Monday of the Third Week of Lent
(II Kings 5:1-15ab; Luke 4:24-30)
The man told the superior of a religious community that he would give him $100 to have a private mass said for his family on Christmas Day. It was a time when $100 would be like $500 today. The priest wondered if he was being bribed to give a special privilege. He rejected the offer. The man should take his family to the community mass on the holyday with the rest of the people. A similar offer is implied in today’s first reading.
Naaman takes a fortune with him when he visits Elisha. Evidently he thinks that he can buy a favor from the prophet. He does not realize what kind of God Elisha serves. He does not know that God wants justice not gifts. Naaman cannot fathom that God’s prophets as well are not to be impressed by wealth. However, he comes to know by his cure that the God of Israel is greater than all others gods. He learns that God only desires submission to his gracious will.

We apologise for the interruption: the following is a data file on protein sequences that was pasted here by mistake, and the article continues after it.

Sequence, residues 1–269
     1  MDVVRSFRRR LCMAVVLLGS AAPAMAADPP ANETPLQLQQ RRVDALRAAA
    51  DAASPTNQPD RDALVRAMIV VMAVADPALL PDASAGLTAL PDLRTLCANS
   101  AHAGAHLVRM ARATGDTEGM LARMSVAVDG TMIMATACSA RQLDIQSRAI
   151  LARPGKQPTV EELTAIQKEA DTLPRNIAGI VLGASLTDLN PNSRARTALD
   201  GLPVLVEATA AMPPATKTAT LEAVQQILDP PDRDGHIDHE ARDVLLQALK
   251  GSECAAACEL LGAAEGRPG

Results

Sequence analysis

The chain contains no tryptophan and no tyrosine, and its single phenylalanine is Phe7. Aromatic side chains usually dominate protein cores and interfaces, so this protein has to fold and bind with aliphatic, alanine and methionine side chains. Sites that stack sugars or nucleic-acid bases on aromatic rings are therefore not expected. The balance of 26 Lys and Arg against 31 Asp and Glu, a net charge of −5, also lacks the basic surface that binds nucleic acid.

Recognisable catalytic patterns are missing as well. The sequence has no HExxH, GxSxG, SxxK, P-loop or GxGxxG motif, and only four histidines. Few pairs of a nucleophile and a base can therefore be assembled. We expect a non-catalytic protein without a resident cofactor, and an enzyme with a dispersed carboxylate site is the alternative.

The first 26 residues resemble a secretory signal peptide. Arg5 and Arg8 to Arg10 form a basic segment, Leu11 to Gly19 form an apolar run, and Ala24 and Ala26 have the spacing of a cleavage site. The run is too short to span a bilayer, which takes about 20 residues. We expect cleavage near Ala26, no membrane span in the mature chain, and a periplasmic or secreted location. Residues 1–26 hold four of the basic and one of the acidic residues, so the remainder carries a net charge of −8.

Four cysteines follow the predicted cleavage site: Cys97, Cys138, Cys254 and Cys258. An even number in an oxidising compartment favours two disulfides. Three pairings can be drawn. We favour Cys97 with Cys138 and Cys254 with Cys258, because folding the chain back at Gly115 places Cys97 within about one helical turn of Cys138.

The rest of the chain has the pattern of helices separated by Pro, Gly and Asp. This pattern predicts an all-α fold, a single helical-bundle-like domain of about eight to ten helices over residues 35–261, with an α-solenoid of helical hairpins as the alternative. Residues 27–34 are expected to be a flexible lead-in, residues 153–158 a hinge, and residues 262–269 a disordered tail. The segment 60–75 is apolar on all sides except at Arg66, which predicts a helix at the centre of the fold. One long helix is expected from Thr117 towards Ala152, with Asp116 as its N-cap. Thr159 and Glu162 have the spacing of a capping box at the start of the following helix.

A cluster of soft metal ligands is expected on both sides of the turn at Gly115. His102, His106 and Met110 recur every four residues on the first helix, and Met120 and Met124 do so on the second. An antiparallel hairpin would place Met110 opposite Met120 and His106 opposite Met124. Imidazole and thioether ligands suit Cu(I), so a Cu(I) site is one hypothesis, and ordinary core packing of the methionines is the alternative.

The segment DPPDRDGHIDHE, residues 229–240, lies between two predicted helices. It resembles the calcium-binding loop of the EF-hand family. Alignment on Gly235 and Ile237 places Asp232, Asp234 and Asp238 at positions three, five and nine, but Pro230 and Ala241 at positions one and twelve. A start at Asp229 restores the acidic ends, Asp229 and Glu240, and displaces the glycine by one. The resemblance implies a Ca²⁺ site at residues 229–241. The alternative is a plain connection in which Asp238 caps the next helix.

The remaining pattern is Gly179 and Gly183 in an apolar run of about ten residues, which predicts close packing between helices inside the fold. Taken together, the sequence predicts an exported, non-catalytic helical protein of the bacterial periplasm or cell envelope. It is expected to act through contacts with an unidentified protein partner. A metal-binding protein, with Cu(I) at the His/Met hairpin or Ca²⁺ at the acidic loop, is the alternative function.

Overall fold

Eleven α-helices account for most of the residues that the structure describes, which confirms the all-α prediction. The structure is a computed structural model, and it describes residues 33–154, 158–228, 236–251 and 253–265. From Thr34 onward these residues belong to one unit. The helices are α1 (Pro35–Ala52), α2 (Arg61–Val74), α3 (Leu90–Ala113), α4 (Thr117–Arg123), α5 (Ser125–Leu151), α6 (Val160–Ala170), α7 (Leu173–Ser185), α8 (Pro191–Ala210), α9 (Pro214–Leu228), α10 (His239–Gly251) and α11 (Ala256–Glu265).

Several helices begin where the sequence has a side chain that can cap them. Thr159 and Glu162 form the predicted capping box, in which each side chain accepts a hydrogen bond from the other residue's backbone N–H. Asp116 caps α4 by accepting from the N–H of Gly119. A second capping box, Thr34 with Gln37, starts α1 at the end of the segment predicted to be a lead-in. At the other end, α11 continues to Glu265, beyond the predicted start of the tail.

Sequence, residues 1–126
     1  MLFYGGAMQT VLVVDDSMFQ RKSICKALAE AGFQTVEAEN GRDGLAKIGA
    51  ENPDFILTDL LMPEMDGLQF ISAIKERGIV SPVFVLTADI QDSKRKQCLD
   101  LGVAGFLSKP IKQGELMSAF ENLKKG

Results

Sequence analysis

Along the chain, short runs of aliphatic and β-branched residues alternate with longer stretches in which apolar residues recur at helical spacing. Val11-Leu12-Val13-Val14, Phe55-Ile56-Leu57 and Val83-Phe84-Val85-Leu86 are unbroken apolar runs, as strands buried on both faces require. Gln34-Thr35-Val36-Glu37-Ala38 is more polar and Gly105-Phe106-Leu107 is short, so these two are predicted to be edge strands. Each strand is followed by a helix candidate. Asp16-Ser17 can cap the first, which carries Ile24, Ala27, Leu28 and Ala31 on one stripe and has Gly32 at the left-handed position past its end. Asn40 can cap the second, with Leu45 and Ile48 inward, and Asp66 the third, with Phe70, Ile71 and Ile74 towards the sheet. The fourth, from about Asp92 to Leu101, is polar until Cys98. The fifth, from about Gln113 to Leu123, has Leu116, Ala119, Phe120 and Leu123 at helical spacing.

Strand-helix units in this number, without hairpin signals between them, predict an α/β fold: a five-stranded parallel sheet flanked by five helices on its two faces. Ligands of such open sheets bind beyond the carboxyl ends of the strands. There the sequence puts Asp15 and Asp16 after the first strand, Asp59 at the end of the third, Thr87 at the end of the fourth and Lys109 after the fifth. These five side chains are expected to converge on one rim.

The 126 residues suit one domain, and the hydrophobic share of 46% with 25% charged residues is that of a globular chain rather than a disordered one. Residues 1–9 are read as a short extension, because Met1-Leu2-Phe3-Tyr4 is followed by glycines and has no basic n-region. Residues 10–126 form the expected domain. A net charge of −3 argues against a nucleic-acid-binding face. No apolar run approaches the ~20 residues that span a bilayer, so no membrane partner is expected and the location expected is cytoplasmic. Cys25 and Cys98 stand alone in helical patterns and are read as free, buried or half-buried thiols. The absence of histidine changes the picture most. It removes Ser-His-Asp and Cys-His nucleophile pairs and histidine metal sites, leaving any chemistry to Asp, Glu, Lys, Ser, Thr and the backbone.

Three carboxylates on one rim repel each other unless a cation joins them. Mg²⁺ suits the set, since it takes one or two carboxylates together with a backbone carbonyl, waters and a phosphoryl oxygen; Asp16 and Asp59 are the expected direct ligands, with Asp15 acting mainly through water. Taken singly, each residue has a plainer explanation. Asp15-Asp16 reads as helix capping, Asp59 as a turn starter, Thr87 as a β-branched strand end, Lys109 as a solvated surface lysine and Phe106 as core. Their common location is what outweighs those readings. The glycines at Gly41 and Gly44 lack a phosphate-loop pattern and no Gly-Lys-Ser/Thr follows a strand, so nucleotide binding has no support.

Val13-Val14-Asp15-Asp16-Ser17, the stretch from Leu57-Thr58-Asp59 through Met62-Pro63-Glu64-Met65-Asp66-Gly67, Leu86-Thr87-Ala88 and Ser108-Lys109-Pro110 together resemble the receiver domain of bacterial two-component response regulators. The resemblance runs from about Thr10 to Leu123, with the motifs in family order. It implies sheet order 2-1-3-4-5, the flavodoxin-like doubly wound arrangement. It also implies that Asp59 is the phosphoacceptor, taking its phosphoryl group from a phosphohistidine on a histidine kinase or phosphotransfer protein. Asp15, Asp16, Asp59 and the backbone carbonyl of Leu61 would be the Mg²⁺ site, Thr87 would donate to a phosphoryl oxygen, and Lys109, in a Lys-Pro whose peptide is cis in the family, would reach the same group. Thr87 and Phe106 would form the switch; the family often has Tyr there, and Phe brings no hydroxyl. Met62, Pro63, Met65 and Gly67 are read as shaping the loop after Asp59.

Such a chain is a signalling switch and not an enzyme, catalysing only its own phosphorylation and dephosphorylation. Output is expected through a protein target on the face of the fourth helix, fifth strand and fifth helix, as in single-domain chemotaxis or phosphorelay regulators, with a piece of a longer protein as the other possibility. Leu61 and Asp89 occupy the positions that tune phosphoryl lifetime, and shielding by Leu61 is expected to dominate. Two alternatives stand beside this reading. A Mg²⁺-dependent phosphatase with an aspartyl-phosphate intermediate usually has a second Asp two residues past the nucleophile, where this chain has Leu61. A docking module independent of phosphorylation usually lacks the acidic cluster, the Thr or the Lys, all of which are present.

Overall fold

We too must take care not to place exaggerated importance on money. We certainly need it to live in modern society. Also, we can use it to serve others. But in the end, we too will realize that money fails to bring the happiness it promises. Always more beneficial is a heart determined to love God above all and others as His children.